Summer is not endless in Finland. Although when it does come around, Finns love to get out of town and be outside in nature.
Summer cottages are a lifestyle that many Finns choose to invest in as a peaceful retreat. Summer cottages in Finland are often placed upon a hilly landscape or near a body of water, making visits there both a mental and physical getaway from the stresses of daily life in the city.
As summer cottages gain popularity in Finland, the styles of the cottages have also developed. Nowadays, many Finns either own or rent out a luxury cottage when going somewhere over their holiday. Although luxury cottages have become popular, the traditionally small and minimal cottages are still more generally common in Finland. On average, one out of every five households in Finland has a cottage of some kind, and here are some reasons why.
Cottage life is something that almost all Finns grow up with or at least experience at some point. Whether you're a guest, owner, renter, or borrower of a cottage in Finland, the overall motto to appreciate "the art of doing nothing" is always present. Instead of typing away on a computer, Finns use this time to appreciate the nature that they are surrounded by, and also reflect on the importance of making time for one's self.
True peace and quiet is almost non-existent in our modern societies, making the silence almost unbearable to some who visit. Finns often appreciate the silence, as it gives them an escape from the everyday noise pollution.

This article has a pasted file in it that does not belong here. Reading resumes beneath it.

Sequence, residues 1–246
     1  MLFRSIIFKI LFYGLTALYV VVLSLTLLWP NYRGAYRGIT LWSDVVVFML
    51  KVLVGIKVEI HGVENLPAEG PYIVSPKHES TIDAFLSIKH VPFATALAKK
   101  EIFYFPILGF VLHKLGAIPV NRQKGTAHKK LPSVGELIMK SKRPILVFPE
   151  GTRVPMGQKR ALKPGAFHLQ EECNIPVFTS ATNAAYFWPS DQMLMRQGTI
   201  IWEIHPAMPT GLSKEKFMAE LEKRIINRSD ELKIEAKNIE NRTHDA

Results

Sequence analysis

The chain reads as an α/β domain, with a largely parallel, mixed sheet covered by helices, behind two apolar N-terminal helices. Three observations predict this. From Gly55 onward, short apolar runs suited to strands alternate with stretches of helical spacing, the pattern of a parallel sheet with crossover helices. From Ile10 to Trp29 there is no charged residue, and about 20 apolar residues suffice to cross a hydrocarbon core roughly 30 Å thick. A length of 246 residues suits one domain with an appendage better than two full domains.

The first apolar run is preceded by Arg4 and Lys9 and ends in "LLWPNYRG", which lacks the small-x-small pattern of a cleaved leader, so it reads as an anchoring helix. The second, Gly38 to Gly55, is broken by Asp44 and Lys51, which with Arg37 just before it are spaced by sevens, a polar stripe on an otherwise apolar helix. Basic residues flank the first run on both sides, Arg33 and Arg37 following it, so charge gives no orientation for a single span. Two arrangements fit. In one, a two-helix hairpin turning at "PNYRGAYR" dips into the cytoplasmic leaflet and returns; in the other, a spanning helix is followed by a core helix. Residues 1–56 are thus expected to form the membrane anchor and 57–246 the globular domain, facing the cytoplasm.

The sauna is a main component within the Finnish cottage lifestyle. The sauna culture is passed down from generation to generation as one of the most important ways to de-stress over a holiday. Taking a cool dip in the lake followed by a hot and sweaty sauna is the ultimate way to purify the body and mind.
Relaxing and having a good time with your family and loved ones is what Finnish vacation and lake life is all about. Eating good meals, spending quality time together, and participating in activities with each other is why Finns take time to go to their summer cottages. Common activities include boating, canoeing, yard games, fishing and of course, sauna.
Summer in Finland is short and sweet, which is why Finns try to make the most of it. Bright days in the summer are followed by many more cold and dark days in the winter. The white summer nights make the cottage experience ever so magical.
Images courtesy of Visit Finland